Last minute glitches don't seem to be deterring Obamacare enrollment

03/31/14 Janelle Irwin
WMNF Drive-Time News Monday | Listen to this entire show:
Tags: Obamacare, Affordable Care Act, healthcare, Navigators, Medicaid, kathy castor


Brochures and donuts lined two tables at Al Lopez Park where people could get help registering for Obamacare.

photo by Janelle Irwin

Despite some more glitches on, turnout is high in Tampa on the final day to enroll in Obamacare. More than 30 people were already waiting in line by 10:30 a.m. Monday at Al Lopez Park to get help enrolling in private health insurance under the federal healthcare law. Most of those people, like Myrta Mayor, are hoping that their last minute enrollment can save them some money on coverage that is now required.

“The one that they’re offering at my job is very expensive - $753 a month and I cannot afford [it].”

Under the Affordable Care Act, people making between 100 and 400% of the federal poverty level qualify for a subsidy to help pay their premiums. Some people already enrolled have touted the savings. Sylvia Alvarez is volunteering to help out at Al Lopez Park because she and her husband, founders of Tampa’s Housing and Education Alliance, were able to save more than $500 a month each on their insurance.

“My husband and I were each being charged $925 a month each for healthcare coverage - $10,000 deductible, huge out of pockets, huge co-pays. It was just not feasible. We had to cancel the policies. Figure: that is a mortgage payment.”

But not everyone is excited to be waiting in line. Michael Hill is one of some 300,000 Floridians whose health coverage was canceled as a result of the Affordable Care Act. That led to a giant smack to the Obama administration after he had claimed, “if you like your insurance, you can keep it.”

“I had health insurance and that was always a good thing. It came through my job so that was all taken care of.”

Hill is hoping that despite the inconvenience of having to find a new policy it will benefit him by having either a lower premium or better coverage – or both. And those benefits are what Democrats are talking up today. Member of Congress Kathy Castor spoke to the press just after the doors opened this morning at Al Lopez Park. She skirted questions about the politics behind Obamacare, instead pointing to its impact on people with pre-existing conditions, women’s health and the ability for young people to stay on their parents’ insurance longer. Regardless, enrollment may fall about a million people short of the original 7 million goal used to help determine premiums. Opponents speculate that could mean a hike in prices in November when the next wave of enrollment starts.

“Whatever the goals were, you cannot take away the fact that these people in here are going to be able to see a doctor, going to be able to see a nurse, get the care they need. The folks at the University of South Florida, Tampa Parks and Rec, Tampa Family Health Centers, these navigators have done a fantastic job of outreach.”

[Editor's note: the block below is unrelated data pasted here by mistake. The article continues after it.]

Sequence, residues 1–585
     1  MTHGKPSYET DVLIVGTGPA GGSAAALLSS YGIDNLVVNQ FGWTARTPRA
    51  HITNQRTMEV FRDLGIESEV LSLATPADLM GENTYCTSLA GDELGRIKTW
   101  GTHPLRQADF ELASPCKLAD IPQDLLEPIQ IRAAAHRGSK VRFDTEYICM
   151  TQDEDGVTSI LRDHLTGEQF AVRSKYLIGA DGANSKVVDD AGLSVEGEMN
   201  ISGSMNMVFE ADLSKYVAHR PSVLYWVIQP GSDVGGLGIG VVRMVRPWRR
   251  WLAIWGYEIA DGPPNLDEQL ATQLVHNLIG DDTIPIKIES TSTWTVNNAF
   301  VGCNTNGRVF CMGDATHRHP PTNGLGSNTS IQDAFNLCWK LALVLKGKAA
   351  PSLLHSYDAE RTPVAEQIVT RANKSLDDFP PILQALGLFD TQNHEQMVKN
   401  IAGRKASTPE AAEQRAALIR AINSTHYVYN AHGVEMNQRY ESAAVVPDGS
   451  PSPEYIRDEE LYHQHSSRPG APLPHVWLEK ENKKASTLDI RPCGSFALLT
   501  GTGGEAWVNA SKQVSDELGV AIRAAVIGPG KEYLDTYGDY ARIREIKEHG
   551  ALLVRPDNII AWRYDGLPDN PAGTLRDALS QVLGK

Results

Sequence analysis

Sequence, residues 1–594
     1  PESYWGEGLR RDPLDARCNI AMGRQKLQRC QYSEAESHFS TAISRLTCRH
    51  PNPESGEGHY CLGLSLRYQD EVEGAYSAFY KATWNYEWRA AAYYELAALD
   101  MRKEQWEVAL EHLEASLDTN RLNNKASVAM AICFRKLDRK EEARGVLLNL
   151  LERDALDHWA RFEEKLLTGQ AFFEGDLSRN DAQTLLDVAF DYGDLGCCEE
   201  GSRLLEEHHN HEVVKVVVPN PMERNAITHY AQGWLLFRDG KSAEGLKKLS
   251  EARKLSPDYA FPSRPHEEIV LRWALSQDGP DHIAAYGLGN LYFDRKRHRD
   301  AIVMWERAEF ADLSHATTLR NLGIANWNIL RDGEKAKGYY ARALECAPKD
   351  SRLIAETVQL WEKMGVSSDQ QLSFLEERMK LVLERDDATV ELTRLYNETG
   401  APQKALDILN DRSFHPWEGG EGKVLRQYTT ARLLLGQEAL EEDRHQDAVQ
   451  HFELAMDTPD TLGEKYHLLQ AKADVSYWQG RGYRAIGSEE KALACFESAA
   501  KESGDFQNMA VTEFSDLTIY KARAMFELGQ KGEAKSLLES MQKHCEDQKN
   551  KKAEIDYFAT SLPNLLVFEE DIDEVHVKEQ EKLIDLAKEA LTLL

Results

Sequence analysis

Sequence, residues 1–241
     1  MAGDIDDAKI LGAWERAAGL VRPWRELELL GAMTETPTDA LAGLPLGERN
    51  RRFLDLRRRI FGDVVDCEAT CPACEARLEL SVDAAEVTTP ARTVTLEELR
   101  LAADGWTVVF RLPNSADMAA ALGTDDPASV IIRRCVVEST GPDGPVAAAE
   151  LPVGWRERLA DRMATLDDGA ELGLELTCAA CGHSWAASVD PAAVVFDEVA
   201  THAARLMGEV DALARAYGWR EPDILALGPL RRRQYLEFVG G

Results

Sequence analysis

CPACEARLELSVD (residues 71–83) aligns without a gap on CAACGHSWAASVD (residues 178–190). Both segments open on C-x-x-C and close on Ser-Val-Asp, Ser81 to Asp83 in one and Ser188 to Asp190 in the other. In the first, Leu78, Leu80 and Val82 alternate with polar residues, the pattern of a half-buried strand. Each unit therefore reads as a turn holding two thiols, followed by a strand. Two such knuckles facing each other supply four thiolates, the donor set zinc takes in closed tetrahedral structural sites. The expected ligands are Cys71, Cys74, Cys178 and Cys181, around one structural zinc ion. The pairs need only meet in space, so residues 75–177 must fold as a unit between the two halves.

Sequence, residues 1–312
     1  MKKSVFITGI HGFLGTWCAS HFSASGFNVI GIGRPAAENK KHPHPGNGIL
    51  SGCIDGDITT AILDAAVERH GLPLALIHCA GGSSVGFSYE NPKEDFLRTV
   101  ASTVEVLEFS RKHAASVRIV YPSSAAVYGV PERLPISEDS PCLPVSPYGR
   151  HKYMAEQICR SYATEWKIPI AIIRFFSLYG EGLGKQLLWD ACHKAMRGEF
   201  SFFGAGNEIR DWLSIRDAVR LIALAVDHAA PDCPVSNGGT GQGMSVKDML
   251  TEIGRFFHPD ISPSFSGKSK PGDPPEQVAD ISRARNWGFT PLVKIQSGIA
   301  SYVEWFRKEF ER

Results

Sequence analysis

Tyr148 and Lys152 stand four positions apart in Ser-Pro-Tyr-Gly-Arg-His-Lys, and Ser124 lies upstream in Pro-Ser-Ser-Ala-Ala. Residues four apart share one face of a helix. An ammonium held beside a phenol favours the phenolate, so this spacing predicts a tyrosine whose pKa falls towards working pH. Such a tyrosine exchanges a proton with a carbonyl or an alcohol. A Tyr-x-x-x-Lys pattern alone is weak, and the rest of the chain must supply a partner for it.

Castor said rates should stay solid for at least two years, but didn’t comment on what may happen after that. And she tried to divert attention away from other criticism by Obamacare haters in Congress who are pointing to more glitches in the website used to enroll in policies that locked people out for an extra four hours this morning.

“Well, you know, my Republican colleagues in Congress don’t want it to work. They voted 50 times now to repeal the act. So, they’re looking for these negative stories.”

Castor argued the early morning site closure wasn’t causing delays at outreach centers.

“We checked in this morning with the navigators here on site and they said there have been no delays on the computer. If you call the 1-800 number they’re taking your calls up to midnight tonight.”

There were also some touch-and-go issues reported by navigators at the Tampa park. But Katrina Osborne with the Crisis Center of Tampa Bay who is helping organize the final enrollment outreach says those haven’t caused too much delay.

“There is one area that we’re looking at. Some people have to authenticate their identity. Like, when you go through the marketplace, you have to enter information to create a username and password. So, some people were having issues with that, but it seems to be resolved now.”

U.S. Representative Castor is urging people who are already enrolled in some sort of health plan to get friends and family who aren’t out to sign up.

“What you want most of all is for other people to have insurance so that you don’t wind up paying extra out of your premiums and co-pays to cover those that do not have insurance.”

Enrollment centers are expected to be busy today as last minute procrastinators rush to get covered and many, to avoid a penalty under the individual mandate. But there will likely still be hundreds of thousands of Floridians who can’t afford coverage because Florida is one of 23 states that hasn’t taken federal funding to expand Medicaid. About three quarters of a million people in the Sunshine State fall into a gap where they don’t make enough to qualify for a subsidy under the healthcare law, but make too much to get Medicaid. Those people, Castor says, should be safeguarded from penalties for not getting health insurance by today’s deadline.

“There is a hardship provision in the law. So, if this is an economic hardship, there’s not going to be any penalty.”

Both Republicans and Democrats will be watching the numbers today as enrollees have until midnight to start the process. Those who are still working on finding a plan after midnight will be given some extra time to finish the process. Navigators will be at Al Lopez Park until 9 Monday evening. The USF navigator office on Fletcher Avenue is open until 5 and the Springhill Recreation Center on Eskimo Avenue in Tampa is open until 7.

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